Book SectionsTable of Contents
The Problem Puddle Power Frog-Friendly Backyard Why are we concerned about amphibians?
Wetlands - function/type Wetland issues
How to help amphibians
Community Green Plans
Why are we concerned about amphibians?
You may well ask why we have taken frogs, toads, newts and salamanders as symbols of our commitment to wetland conservation?
Water is essential to the survival of amphibians. They have an aquatic larva that feeds on vegetation and decaying organic matter and then a terrestrial adult stage that lives on land and in water, and eats insects. Anything that affects water quality or their terrestrial environment affects amphibians. Amphibians also serve as prey and predators in the ecosystem, therefore their loss can have multiple effects on the food chain. Although we do not fully understand the reasons for the decline of amphibian populations, amphibians are good indicator species of a healthy wetland. Changes in their abundance or distribution indicate changes in the habitats which support them. Although many wild life species are tolerant of changes in water quality, monitoring amphibian populations may provide an early warning that water quality has deteriorated, or has been lost to the watershed.
Although our focus is on amphibians and wetland habitats, the quality and abundance of water will ultimately affect ALL species. Imagine a world without the raucous call of the red-wing blackbird, buzzing dragonflies or leaping fish.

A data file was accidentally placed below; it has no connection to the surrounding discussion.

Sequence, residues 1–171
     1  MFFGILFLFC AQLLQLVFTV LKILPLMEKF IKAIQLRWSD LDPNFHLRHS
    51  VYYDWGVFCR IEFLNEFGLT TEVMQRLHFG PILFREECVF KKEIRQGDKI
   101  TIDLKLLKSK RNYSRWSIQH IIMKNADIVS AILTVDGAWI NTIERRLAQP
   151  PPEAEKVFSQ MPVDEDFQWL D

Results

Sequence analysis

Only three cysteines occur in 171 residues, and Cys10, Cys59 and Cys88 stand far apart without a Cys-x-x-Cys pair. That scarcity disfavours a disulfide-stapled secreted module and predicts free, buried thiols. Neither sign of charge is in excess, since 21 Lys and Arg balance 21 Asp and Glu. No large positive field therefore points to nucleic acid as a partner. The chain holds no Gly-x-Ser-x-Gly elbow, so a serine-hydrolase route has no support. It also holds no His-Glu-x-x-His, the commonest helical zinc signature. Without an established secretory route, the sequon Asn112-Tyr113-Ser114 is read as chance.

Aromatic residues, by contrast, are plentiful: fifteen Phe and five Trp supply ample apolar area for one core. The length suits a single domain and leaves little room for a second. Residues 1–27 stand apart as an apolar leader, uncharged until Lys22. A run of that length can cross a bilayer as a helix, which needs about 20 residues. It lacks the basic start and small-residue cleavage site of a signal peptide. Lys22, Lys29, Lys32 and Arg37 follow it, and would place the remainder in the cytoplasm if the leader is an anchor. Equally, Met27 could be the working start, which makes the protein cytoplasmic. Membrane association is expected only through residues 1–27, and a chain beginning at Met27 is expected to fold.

Amphibians have a life cycle not fully appreciated by many people. Scientists suggest that amphibian eggs and larvae are quite sensitive to low levels of pesticides, acid rain and increases in ultraviolet light. The stress caused by long periods of sub-lethal exposure to low levels of environmental contaminants (that may be well within allowable toxicity guidelines) may make amphibians more vulnerable to viral and bacterial infections .
Metro Toronto Zoo has been recognized around the world for the contribution made to the conservation of amphibians in their native habitats. We are committed to transferring the knowledge that we have gained in contributing to global conservation issues to the conservation of species and habitats in our own backyards. The preservation of global biodiversity begins with the preservation of genetic, species and ecosystem biodiversity of our own bioregion. We have expertise that must be transferred to those who can act to better the environment of the communities in which they live.
The Greater Toronto Region is, both literally and figuratively, at a watershed. Not long ago, society believed that the environment was endlessly able to absorb the detritus of a modern, industrial-based economy. More recently, the assumption was that the environment and the economy were inevitably opposed: opting for one meant damaging the other. Today, however, it is clear that the two, rather than being mutually exclusive, are mutually dependent: a good quality of life and economic development cannot be sustained in an ecologically deteriorating environment. The way we choose to treat the Greater Toronto Waterfront is crucial. If governments and individuals recognize-and act on-the need to resolve past environmental problems and forge strategies to protect the waterfront now and in the future, we will, indeed, have successfully crossed a watershed.
-David Crombie in "Watershed", The Interim Report of the Royal Commission on the Future of the Toronto Water front, 1990.
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